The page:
African nation and former British colony of Sierra Leone gained its independence on April 27th, 1961. This year marks the 50th anniversary of the country’s liberation. In the country itself as well as the Salone community in the United States there have been celebrations of the culture. With 2011 declared by the United Nations as the International Year for People of African Descent, there is much cause for such affirmation. While colonialism for many is a distant memory, it was no small triumph for the nations of Africa to become politically independent following the Second World War.
The history of Sierra Leone reveals that there are many ties to Black America as well as other parts of the Diaspora. The West African nation began as a settlement for enslaved Africans who fought on the side of the British in the American Revolutionary War. These Loyalists and their descendants, would found the colony in 1787. It would remain a protectorate for the next 170+ years.
Sierra Leone and African-Americans
This country has a particularly strong connection to Black Americans. Particularly if your family is from the Sea Island regions of South Carolina. Scholars like Edward Ball have studied the region and determined that a great deal of the people who inhabit the coastal regions of both Georgia and South Carolina(referred to as Gullah-Geechie people) originate from Sierra Leone. One of the points of connection is Bunce Island, a slave castle on the way from the country to the New World. Also noted is a certain amount of cultural continuity, something that many believed was destroyed by the Middle Passage. Even down to the same type of rice that is prepared. Fascinating stuff. Given my current research, there is a strong possibility that way, way down the line my heritage is Sierra Leonean as well. I do know that my grandfather was from Beaufort, which is in from what I have heard roughly around the area of St. Helenas island. So in some small way, I feel like this independence celebration is mine as well.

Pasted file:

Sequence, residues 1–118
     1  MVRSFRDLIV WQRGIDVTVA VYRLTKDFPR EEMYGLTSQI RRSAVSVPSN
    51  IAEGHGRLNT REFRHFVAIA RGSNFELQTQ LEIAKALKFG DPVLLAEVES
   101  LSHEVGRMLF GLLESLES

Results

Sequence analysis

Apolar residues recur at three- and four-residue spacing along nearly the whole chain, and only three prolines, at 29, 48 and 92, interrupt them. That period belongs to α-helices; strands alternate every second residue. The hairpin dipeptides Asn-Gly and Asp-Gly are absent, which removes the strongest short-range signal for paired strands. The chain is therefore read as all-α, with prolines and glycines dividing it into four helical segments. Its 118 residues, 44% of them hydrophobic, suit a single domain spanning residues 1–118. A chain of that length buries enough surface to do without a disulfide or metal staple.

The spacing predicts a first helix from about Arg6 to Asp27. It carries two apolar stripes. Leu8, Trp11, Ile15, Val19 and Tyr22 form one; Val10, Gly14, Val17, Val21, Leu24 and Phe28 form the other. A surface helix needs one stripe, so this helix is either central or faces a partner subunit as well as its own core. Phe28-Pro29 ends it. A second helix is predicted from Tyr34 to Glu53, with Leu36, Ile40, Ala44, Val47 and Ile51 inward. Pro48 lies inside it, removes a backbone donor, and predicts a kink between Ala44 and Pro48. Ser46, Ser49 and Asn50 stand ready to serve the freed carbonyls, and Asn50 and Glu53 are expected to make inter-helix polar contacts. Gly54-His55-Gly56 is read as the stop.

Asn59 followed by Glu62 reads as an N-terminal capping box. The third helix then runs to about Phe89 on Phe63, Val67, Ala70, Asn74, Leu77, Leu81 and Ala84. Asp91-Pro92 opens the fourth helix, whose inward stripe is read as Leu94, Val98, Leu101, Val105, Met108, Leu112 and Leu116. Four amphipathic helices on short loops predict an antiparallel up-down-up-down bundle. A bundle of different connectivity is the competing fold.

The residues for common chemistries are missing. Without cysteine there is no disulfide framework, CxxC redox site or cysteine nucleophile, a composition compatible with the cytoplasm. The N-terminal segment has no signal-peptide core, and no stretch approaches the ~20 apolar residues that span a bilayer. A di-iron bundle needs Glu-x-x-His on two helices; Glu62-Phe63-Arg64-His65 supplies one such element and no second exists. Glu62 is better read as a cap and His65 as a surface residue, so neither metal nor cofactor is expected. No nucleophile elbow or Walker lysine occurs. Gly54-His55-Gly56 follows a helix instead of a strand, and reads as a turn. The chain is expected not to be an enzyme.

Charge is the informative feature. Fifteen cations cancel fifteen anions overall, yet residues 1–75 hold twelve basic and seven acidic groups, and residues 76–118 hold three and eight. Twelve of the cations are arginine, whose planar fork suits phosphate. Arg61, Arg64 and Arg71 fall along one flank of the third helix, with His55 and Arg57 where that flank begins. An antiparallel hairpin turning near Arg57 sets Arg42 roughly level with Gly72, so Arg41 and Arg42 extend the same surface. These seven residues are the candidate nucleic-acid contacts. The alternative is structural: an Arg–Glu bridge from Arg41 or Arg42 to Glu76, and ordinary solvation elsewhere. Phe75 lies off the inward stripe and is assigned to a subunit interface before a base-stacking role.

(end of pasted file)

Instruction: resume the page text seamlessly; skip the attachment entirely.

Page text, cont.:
In the popular consciousness, notions of what Sierra Leone represents is dominated by the 10 year long civil war. This horrendous event seared images of child soldiers and conflict minerals inextricably into the minds of those who focused on the state of post colonial Black Africa. It also was used as fodder for far too many Hollywood depictions of the overall ungovernable and allegedly inherently corrupt nature of this area of the developing world. Despite the stigma, the country and its leadership is looking to move past this periodic moment of regression. Much like other developing nations, Sierra Leone has and will continue to face challenges.
To see an interesting editorial on the 50th Anniversary of Salone independence, head over to Awareness Times the country’s most widely circulated newspaper. The article is titled: “Celebrating 50 years of what? by Austin Thomas.
And now, for some fun little facts about Sierra Leone:
Sierra Leone means “mountain lion” in Portuguese
Some famous people of Sierra Leonean descent include CNN correspondent Isha Sesay, actor Idris Elba, and literary figure Kadijah Sesay.
My favorite saying: “The family tree may bend, but it never breaks”
Happy Salone day!
Marc W. Polite
*Wonders what his name would have been if he was born in Bo, Sierra Leone instead of Harlem, NY.*